Thursday, April 20, 2017

Untangling the Life of Xesia Y. Z.

Newspaper story about Xesia
(1891) 
As a young journalist who covered the theater, Allan Forman hung around eavesdropping and hoping for a glimpse of the leading ladies. He claimed to know personally that despite Lillie Langtry’s endorsement of Pears Soap, she did not use the stuff.

In 1886, Allan’s long edgy article, “Around the Stage Door, Men Who Haunt It and Girls Who Pass through It,” was syndicated widely in the U.S.

Surely he spoke from experience in describing the many ways that men made fools of themselves by fancying actresses and singers, married and unmarried.

 One that "knew" an actress --
sketch used in Allan's article

Sometime later, he met Xesia Yrsa Zephania Carlstedt, whom he married in 1900.

Really? you say.

Do you mean the Swedish-born Xesia Yrsa Zephania whose career never quite took off even though she acted in such memorable plays as “The Noble Son,” “The Pearl of Pekin,” and “The Corsair”? 

Do you mean Xesia Yrsa Zephania who inherited thousands of dollars from her former lover, a Swedish baron named Falkenberg to whom she was promised in marriage by her father, a consul general whose home was located next door to the baron’s castle?

The papers reported that she ran away to America to be free of entanglements. 

Cut to 1891.

“A Man About Town,” starring Xesia, has just flopped in out-of-town tryouts. The cast practically walked back to New York, critics say. Arriving home, the hapless Xesia received a thick envelope from a lawyer detailing the bequest of “the man who loved her so well and so unsuccessfully.” 

It was the baron. He left her $50,000!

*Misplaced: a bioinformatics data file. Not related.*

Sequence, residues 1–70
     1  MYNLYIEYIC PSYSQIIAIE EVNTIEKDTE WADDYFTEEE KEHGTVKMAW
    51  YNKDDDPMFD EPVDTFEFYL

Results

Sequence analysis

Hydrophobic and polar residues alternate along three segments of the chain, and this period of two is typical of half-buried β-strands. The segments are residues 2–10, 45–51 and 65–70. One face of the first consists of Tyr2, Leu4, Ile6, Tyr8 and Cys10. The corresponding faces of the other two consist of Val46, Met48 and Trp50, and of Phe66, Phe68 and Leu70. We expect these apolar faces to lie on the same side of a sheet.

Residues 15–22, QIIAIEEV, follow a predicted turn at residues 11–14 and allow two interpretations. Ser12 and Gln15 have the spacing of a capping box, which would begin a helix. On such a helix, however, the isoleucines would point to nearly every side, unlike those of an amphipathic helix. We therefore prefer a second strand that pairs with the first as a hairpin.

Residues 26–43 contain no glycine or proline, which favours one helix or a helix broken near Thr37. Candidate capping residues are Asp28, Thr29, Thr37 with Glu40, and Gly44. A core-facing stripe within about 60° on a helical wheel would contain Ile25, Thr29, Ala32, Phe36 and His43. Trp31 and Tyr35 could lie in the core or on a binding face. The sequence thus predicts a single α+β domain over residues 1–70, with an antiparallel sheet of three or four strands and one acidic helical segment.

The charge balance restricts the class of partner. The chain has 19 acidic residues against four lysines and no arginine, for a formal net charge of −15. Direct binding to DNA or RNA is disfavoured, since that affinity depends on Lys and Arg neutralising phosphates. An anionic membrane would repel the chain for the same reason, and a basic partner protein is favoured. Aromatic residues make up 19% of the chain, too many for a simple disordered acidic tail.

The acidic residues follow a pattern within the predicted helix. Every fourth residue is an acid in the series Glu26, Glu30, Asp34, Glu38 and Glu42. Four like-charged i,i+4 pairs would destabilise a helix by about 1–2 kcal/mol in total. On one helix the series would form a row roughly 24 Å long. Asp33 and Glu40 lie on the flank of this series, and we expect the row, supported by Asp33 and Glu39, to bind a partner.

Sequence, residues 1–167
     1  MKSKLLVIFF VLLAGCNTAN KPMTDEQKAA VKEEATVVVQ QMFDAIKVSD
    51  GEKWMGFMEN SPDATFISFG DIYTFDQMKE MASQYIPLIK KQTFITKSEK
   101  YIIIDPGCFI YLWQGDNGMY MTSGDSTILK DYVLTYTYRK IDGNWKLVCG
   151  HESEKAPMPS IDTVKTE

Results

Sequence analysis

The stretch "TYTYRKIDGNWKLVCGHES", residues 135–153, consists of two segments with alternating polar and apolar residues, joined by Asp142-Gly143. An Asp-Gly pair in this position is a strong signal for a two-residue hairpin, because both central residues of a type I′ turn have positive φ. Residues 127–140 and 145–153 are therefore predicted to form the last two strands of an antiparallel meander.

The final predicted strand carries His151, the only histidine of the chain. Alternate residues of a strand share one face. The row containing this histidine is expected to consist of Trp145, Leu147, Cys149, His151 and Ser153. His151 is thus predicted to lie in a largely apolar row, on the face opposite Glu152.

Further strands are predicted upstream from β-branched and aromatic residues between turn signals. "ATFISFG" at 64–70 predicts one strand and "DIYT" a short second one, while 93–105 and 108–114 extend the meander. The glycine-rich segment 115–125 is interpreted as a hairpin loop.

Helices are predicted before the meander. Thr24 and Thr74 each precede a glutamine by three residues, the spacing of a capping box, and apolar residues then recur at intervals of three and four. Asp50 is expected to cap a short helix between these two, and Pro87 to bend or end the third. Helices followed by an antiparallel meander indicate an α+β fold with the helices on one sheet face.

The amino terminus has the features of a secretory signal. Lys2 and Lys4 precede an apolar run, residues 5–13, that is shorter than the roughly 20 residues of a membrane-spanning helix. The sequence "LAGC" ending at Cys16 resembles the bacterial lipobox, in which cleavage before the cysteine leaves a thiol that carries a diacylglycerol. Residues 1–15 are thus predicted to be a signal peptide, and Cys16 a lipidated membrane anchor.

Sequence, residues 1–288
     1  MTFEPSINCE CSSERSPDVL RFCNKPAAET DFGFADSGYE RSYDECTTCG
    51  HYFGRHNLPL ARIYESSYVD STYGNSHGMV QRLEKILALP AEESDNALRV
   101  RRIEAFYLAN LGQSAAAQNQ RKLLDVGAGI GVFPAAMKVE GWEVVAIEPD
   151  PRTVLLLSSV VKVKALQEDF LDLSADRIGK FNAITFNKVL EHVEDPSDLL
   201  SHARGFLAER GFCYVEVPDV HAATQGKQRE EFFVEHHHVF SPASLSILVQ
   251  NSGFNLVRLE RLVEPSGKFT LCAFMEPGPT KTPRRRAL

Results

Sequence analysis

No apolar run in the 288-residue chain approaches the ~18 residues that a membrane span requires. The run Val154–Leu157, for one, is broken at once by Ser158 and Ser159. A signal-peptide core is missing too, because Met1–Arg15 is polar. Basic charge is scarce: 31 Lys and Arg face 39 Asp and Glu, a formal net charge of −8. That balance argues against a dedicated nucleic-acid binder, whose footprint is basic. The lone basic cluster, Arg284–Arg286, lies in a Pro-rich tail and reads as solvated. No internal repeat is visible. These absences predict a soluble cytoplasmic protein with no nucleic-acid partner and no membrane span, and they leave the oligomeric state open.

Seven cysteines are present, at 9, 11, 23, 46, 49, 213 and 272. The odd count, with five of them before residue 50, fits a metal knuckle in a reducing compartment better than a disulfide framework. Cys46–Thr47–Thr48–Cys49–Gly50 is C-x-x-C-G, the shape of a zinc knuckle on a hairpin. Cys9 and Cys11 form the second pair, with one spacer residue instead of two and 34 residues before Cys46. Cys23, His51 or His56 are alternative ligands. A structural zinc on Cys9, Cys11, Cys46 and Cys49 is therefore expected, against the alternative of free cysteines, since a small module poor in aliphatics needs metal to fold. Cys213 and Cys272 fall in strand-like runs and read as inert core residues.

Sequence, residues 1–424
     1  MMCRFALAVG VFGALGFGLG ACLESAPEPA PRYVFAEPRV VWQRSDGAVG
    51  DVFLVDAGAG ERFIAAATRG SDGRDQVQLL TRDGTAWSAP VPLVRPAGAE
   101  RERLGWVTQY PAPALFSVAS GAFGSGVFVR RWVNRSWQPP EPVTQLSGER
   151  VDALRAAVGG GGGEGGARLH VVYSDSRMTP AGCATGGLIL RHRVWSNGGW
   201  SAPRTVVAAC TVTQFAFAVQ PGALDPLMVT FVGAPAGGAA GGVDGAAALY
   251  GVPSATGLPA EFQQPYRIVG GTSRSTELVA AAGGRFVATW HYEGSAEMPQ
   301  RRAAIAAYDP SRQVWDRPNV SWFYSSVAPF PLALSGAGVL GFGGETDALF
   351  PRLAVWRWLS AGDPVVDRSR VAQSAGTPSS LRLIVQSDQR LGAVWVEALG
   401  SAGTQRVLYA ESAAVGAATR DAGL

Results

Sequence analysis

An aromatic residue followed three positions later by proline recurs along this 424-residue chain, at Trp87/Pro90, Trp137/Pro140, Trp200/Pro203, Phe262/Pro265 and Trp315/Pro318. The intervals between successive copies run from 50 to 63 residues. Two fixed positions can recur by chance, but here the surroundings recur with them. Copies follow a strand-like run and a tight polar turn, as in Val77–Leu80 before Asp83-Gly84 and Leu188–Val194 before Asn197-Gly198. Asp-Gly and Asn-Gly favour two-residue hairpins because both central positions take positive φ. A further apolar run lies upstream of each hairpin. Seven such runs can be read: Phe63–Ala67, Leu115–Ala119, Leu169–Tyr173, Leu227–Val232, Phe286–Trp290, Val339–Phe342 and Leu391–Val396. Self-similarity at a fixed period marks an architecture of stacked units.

She probably did receive the money, although some whispered that in fact the baron had rejected Xesia because she lacked aristocratic lineage.  

It’s not as if her family was undistinguished, however. Xesia’s father, Axel B. C. Carlstedt, descended from a long line of musicians and composers. The position of organist in the churches of Sodra Villie and Orsjo had been held by a member of the Carlstedt family for more than 130 years.



Axel emigrated from Sweden to the U. S. in 1872. 

Upon arriving, he moved to Massachusetts, studied at the New England Conservatory of Music, earned a doctorate, married an American woman, and eventually founded the South Side College of Music in Chicago.

Axel fathered 11 children. Some were born in Sweden during his first marriage but the details are hard to figure out.

What matters is that he went about naming them “in the most delightful way,” to quote Mary Poppins.

Since his own name began with the initials ABC, Axel continued the pattern with his children.

Thus:

Axel Bernhard Conrad, Jr.

Dagobert Edvard Fritiof

                            Gustaf Harald Julius

Knut Leonard Maltidius

                             Nellie Olivia Pauline

                                           Quelie Rosalie Sophie

Theresa Urania Vilhelmina

                             and Xesia Yrsa Zephania.

The names of the last three children did not fit the alphabetical pattern but exceeded expectations for ingenuity. They were: 

              Aberta Agir Ostgota, Detolfta Johanna Marie, and Bror Tretton Methodius.                    

While Axel taught music and became a papa repeatedly, several of his children, including Xesia, gravitated toward music and theater. She toured the country drawing slight attention for her performances, for no Lillie Langtry was she.

Meanwhile, Allan ran his magazine, The Journalist, and wrote about everything. During the 1890s, he addressed “The Cigarette Question,” “The Ways of Blackmailers, a risky business that doesn’t always pay,” and “The Typewriter Question.”  

He also complained about “Eating to Honor Somebody”: